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The Scotsman
Sat 26 Feb 2005
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Cold Comfort


The live-in customers at the Alcor Life Extension Foundation in Arizona reside in eight 10ft-high steel tanks filled with liquid nitrogen. They are incapable of breathing, thinking, walking, riding a bike or scratching an itch. But don’t refer to them as deceased.

They may be frozen at minus 320 degrees Fahrenheit and identified by prison-like numbers. But to Alcor, the 67 bodies - in many cases, just severed heads - are patients who may live again if science can just figure out how to reanimate them.

"They’re no different than a flat-lining patient who gets a defibrillator to bring them back to life," says Joseph A Waynick, Alcor’s president and chief executive. "With our patients, the only difference is the length of time."

Alcor is a small nonprofit company built on the spectacular wager that it can rescue its patients from natural post-mortem deterioration until a distant time when cellular regeneration, nanotechnology, cloning or some other science can restart their lives, as if the diseases, heart attacks, old age, murders or accidents that concluded their first goes round had never happened. It’s an idea that’s been around since the late 19th century, when Kincardine-born Sir James Dewar began his research into cryogenics.

So far, nobody has been revived. And there is little evidence that anybody ever will be. The first intentionally frozen man, James Bedford, is still here - 38 years after his official death and 20 years after he was moved from a storage facility where his family kept him frozen in liquid nitrogen. No-one has been thawed out, except for a woman whose sister successfully sued to get the body out of deep freeze.

Alcor’s most renowned frozen parts - the head and trunk of the once-mighty Ted Williams, the Boston Red Sox baseball player - are in one of the gigantic tanks. He is there despite a protracted family feud that balanced the player’s will, which stated his desire to be cremated, against a note he signed from a sickbed, which said he preferred to be frozen. The note won.

What Alcor sells is hope - if only, so far, to a small sliver of the potentially dead. But like its customers, the company is optimistic. It sees itself primarily as a research facility that looks beyond the old-fashioned post-death options of burial and cremation.

Alcor executives are convinced that cryonics will catch on someday, and they have recently stepped up the company’s marketing - inviting the public to take tours of its facility, for example - to make sure that it happens sooner rather than later.

Still, with just one site, built in an industrial area of Scottsdale, Arizona, Alcor is not yet a threat to the £8 billion-a-year business of burying or cremating the dead. The same goes for the rest of the cryonics industry. In fact, the company has only one full-service rival, the Cryonics Institute, outside Detroit, which has preserved 68 bodies, including the mother and two wives of its founder, Robert C W Ettinger, who is 86.

The service offered by these fledgling companies is not cheap. If you hand your head - or "neuro" - to Alcor, it costs £42,000; if you freeze your body, the price rises to nearly £80,000. The Cryonics Institute charges much less: £14,800 for a full body. In any case, many people who are willing to believe that their severed head can be reanimated and attached to a new body at some unknown time in the distant future are not ones to fret about costs. At Alcor, Waynick says that nearly all the future frozen buy life insurance policies to cover their fees, and designate the company as the beneficiary.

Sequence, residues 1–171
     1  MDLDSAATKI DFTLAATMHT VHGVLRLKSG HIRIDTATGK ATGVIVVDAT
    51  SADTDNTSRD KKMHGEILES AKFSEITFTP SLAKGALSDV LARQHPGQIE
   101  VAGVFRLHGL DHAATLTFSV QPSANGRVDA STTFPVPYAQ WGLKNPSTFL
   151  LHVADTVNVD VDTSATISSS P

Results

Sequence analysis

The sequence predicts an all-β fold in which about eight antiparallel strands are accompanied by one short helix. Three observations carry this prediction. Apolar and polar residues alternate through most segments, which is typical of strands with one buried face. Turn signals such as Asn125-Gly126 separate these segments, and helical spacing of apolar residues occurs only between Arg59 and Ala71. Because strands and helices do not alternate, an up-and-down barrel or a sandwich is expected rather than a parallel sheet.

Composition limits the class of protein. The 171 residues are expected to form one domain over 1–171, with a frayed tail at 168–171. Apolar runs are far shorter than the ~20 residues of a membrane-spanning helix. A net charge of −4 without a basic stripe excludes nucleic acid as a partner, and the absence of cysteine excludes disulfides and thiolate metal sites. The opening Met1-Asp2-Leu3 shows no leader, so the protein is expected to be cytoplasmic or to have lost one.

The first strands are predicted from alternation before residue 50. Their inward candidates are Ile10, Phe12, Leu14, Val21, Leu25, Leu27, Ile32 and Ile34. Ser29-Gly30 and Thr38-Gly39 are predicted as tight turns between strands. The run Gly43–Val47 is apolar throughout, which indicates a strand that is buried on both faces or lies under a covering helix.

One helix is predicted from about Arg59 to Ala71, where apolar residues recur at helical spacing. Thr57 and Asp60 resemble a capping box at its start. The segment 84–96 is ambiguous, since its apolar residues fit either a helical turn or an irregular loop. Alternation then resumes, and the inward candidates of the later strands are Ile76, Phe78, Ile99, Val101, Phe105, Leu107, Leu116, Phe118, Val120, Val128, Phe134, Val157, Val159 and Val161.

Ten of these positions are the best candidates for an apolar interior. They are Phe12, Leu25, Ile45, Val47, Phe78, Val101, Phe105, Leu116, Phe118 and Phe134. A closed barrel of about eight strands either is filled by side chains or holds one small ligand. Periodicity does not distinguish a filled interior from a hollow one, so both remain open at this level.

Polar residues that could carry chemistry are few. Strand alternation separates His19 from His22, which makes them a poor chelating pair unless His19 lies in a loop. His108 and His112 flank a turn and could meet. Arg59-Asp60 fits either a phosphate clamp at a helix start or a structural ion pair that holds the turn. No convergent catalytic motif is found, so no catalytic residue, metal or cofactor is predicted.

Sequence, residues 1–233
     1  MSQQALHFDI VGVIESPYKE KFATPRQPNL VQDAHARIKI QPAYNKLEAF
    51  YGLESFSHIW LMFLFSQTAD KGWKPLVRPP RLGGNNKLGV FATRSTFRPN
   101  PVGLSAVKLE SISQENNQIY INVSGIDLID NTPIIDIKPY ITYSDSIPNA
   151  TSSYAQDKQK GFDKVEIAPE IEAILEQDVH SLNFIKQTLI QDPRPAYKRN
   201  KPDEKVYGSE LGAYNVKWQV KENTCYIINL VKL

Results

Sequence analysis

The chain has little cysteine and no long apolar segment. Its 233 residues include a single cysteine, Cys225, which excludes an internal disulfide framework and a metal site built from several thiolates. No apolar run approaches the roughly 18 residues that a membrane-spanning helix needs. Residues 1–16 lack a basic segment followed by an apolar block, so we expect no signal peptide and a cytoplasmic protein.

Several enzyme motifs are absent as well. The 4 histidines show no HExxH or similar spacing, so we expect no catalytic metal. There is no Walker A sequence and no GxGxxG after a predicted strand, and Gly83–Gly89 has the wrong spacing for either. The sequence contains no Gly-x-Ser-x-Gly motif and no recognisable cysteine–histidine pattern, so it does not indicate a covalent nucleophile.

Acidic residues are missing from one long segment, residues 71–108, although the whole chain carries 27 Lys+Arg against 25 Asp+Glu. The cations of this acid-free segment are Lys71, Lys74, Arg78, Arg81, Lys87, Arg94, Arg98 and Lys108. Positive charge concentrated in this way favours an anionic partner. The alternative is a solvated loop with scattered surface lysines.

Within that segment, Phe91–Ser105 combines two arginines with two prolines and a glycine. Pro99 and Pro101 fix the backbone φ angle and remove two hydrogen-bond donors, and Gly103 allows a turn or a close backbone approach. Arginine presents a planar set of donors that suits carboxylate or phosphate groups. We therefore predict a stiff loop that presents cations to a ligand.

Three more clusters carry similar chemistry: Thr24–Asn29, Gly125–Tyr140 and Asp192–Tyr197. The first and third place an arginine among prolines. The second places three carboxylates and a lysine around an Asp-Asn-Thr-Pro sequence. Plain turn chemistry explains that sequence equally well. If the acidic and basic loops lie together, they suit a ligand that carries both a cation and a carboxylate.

One such customer is Charlie Matthau, 39, a film director who signed up with Alcor in his late teens after reading about it in a magazine. His insurance premium, he says, "is cheaper than what I pay for parking".

Matthau, son of the actor Walter Matthau, who died in 2000 and had a traditional burial, says he recognises that cryonics is on the fringe. He asked his rabbi for religious guidance in his decision. "People believe in the most bizarre stuff," Matthau says. "It’s a long shot that probably won’t work, but it beats the alternative."

Matthau tried to persuade his father to join him in the liquid nitrogen but did not succeed. According to Matthau, his father’s view was: "I don’t want to do it because it might work and I don’t want to come back as a carnival act."

The carnival did not have to wait for a reanimation. It arrived in Scottsdale with Williams’s body in mid-2002, hyped by the subsequent revelation by a former Alcor employee that the ballplayer’s head had been separated from his body. The resulting publicity astonished the company, even though Waynick’s predecessor, Jerry Lemler, hoped at least a year in advance to capitalise on the fact that Williams would be its slugger-in-residence.

In 2001, a year before Williams died, Lemler wrote to John Henry Williams, the son of the slugger, about the "huge" impact of a "post-mortem disclosure of your dad’s becoming an Alcor member". Lemler, a psychiatrist, ended his letter by saying: "We’ve never had a .400 hitter as a member. It’s a genuine first for us."

But by the time John Henry Williams died in 2004, he had never let Alcor acknowledge that his father was in the tanks (nor will Alcor say if John Henry Williams is there) but he produced for the Florida probate court a signed, unnotarised, oil-stained note saying he, his father and his sister, Claudia, all wanted to be frozen post mortem.

But perhaps cryonics needed a sitcom, not a dead ballplayer, to bolster its profile with a sceptical public. The quirky HBO series Six Feet Under created a "comfortability for customers to speak more openly," says Robert J Biggins, the president-elect of the National Funeral Directors Association. "As dysfunctional as they were, the fact that factual information took place in a funeral home raised the comfort level."

To raise the comfort level with its services, Alcor offers tours of its facility to anyone wanting to take one. The tours include a visit to the operating room, though not when a medical team is preparing lifeless bodies for freezing by pumping them full of chemicals to protect their insides from ice formation nor when they are taking 15 minutes or so to saw off a head - technically a "cephalic isolation." The tours, however, do include a walk through the "patient bay": the banks of tanks full of bodies and heads.

Tanya Jones, Alcor’s chief operating officer, has the ready smile and willing demeanour of a hotel concierge. She wants to please, if not proselytise. Her head - and perhaps her whole body - will one day be preserved inside one of the tanks that dwarf her as she gives a tour.

"The people who do this are very optimistic about technology and believe life is worth living," she says calmly, but with subtle excitement in her voice. "If we can prove this works, everybody will know about us."